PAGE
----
As low as £2,800 online, this was until very recently the UK's most affordable Ultra HD telly.
It's been somewhat caught-out by aggressive price-cutting on Samsung's 55-inch UE55F9000 in the days prior to our review, but, inch-for-inch, it's Toshiba's larger 58-inch 58L9363DB that just about retains its crown.
Welcome to the wonderful world of 8 million pixels, somewhat confusingly called both 4K and Ultra HD.
With a LED-backlit LCD panel containing 3840x2160 pixels (you do the maths), the 58L9363DB has roughly four times the maximum detail that current Full HD 1080p tellies (which sport 1920x1080 pixels) can muster.
It's not alone in achieving this, but it is one of only a handful of fifty-something-inch Ultra HDTVs that bring the new format just about within reach of anyone who really (really) wants one.
Creeping under the £3k price, the 58L9363DB is in pole position for AV enthusiasts, but it will have to impress to persuade anyone to swerve the highly-rated attempts by Samsung (mentioned above) and Sony, whose KD-55X900A introduces a new standard of built-in speakers, too.
Toshiba's more budget-conscious 58L9363DB, however, is revolutionary in strictly one sphere - its panel.
As well as being the only 58-inch Ultra HD TV on sale, it's one of relatively few to opt for the Active Shutter 3D system; most other brands (Samsung being the other exception) have plumped for Passive 3D panels, which dodge the need for pricey, battery-operated 3D specs.
Yes, we know most of you have lost interest in 3DTVs, but bear in mind that the many extra pixels on Ultra HD TVs do give a new lease of life to 3D. Or, at least, that's the theory.
Oddly, other screens in the L9 Series use the Passive 3D system. Weird, huh? The difference is down to panel availability, Toshiba tells us, but it gives us a welcome chance to grasp the lay of the land when it comes to 3D.
Active vs passive 3D
Perhaps a more telling difference between the 58L9363DB and other Ultra HDTVs on the market is this Edge LED TV's lack of local dimming.
As well as onscreen antics, the 58L9363DB is good-looking on the exterior, too; at just 13mm on the sides and top and a mere 19mm on the bottom, its metallic-look bezel is much slimmer than on Sony's KD-55X900A. However, it doesn't look nearly as classy.
Still, it does sport a swivelling desktop stand, sleek metal foot tower and extreme slimness; its black lacquered frame is just 69mm deep at the bottom of the screen, and 55mm at the top.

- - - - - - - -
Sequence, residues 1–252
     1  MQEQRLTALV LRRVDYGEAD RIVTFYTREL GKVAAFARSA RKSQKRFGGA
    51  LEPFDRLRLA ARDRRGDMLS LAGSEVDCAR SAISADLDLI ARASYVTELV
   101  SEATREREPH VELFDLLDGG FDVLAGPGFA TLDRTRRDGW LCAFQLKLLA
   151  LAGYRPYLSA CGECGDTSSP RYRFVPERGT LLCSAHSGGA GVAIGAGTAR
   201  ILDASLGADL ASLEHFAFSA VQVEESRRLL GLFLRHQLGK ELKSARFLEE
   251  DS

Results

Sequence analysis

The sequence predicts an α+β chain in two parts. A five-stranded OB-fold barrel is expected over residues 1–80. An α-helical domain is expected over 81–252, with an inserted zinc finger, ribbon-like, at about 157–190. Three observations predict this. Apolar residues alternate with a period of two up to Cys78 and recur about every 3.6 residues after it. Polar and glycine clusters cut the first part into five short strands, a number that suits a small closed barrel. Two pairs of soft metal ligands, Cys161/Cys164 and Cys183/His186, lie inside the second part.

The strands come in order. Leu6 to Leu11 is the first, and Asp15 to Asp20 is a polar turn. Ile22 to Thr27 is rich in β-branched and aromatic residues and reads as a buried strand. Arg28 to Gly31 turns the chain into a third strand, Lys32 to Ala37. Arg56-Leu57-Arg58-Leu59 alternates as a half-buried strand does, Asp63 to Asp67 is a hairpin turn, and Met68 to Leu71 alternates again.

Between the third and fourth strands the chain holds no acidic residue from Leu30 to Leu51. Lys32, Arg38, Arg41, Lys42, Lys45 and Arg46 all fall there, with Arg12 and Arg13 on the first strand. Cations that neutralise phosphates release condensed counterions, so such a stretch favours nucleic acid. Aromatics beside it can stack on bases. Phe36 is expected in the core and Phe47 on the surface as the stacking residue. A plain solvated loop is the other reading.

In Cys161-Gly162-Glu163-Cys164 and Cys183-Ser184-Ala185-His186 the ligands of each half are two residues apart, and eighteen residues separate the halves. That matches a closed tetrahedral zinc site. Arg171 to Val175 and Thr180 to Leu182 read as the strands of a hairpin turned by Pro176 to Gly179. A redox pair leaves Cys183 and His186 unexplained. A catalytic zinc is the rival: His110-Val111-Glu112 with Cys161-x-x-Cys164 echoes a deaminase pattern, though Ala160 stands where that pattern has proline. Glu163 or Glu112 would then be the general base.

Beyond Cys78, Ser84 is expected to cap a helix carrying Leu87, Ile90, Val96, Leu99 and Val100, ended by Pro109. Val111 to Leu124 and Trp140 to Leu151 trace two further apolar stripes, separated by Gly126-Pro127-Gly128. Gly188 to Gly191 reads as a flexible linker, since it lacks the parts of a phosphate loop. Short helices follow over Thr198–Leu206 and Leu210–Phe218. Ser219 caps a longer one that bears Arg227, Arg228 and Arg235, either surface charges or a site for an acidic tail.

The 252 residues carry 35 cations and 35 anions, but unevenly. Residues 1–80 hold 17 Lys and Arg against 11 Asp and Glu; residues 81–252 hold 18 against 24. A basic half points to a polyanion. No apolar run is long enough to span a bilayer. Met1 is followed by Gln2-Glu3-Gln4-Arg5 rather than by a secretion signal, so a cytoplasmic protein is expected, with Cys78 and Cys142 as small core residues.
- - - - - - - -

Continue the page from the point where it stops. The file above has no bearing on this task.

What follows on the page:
Also in Toshiba's range-topping L9 Series of 4K TVs are the 65-inch 65L9363DB (£5,499) - which is also cheaper than same-size Ultra HDTVs from rival brands - and the monster-sized 84-inch Toshiba 84L9300 (£10,799.95), neither of which are a match for the super-low price of the 58L9363DB.
The edge-lit LED panel's 3840x2160 pixels might be the killer feature, but there's more to the 58L9363DB. It is, at a canter, Toshiba's finest TV of 2013, and includes all of the brand's latest features.
However, this smart TV's app-laden goodies - available in a separate user interface called Cloud TV- isn't the finest around.
A three-sided user interface includes Premium Apps like BBC iPlayer, BBC Sport, Netflix, YouTube, Blinkbox, Deexer, Facebook and BBC News, with plenty more second-rung attempts - such as eBay, euronews, funspot, LiveSport.tv and iConcerts - included on an 'Other' categories page. Skype and Intel's WiDi laptop mirror tech also integrate into Cloud TV. A web browser and Miracast also feature.
Physical ins and outs are well-judged, and utterly comprehensive.
A rear-facing panel on the back contains a wired LAN slot (though Wi-Fi is also included), a USB slot, HDMI, a full Scart (the old connector appears to be making a comeback - though it has bog-all of a role to play in the Ultra HD era), component video and associated phono inputs, a PC audio input and a RGB D-sub 15-pin analogue connector for a laptop.
A side panel, on the TV's left-hand side as you view, completes the picture with a further three HDMI inputs (one of them ARC-compatible, another MHL-ready for wiring-up a smartphone), an optical digital audio input, headphones slot, a second USB slot, a Common Interface slot (for adding TV subscription channels… in 4K? Here's hoping), and an SDXC Card slot.
That last provision, particularly, is something of a surprise; until now only Panasonic TVs staged a SDXC Card slot, and its presence here is a big clue as to the progress of the Ultra HD revolution - thus far, it's primarily for photographers.
Proof of that comes from Toshiba itself. With no native 4K sources yet available, for the review Toshiba loaned us one of its high-end laptops sprinkled with native 4K videos in the MP4 format, which we connected via HDMI.
Digital TV comes in either Freeview HD or Freesat HD flavours, with an excellent MediaGuide (created by Rovi) extending schedule-checking to tablets.
Perhaps the most important feature of all is Toshiba's CEVO ENGINE 4K, whose Resolution+ circuitry has the onerous task of upscaling both standard definition and Full HD fare to fit the huge panel. For now, how to cope with olde worlde SD and HD - both of which are very, very much alive - is surely the acid test for any Ultra HDTV.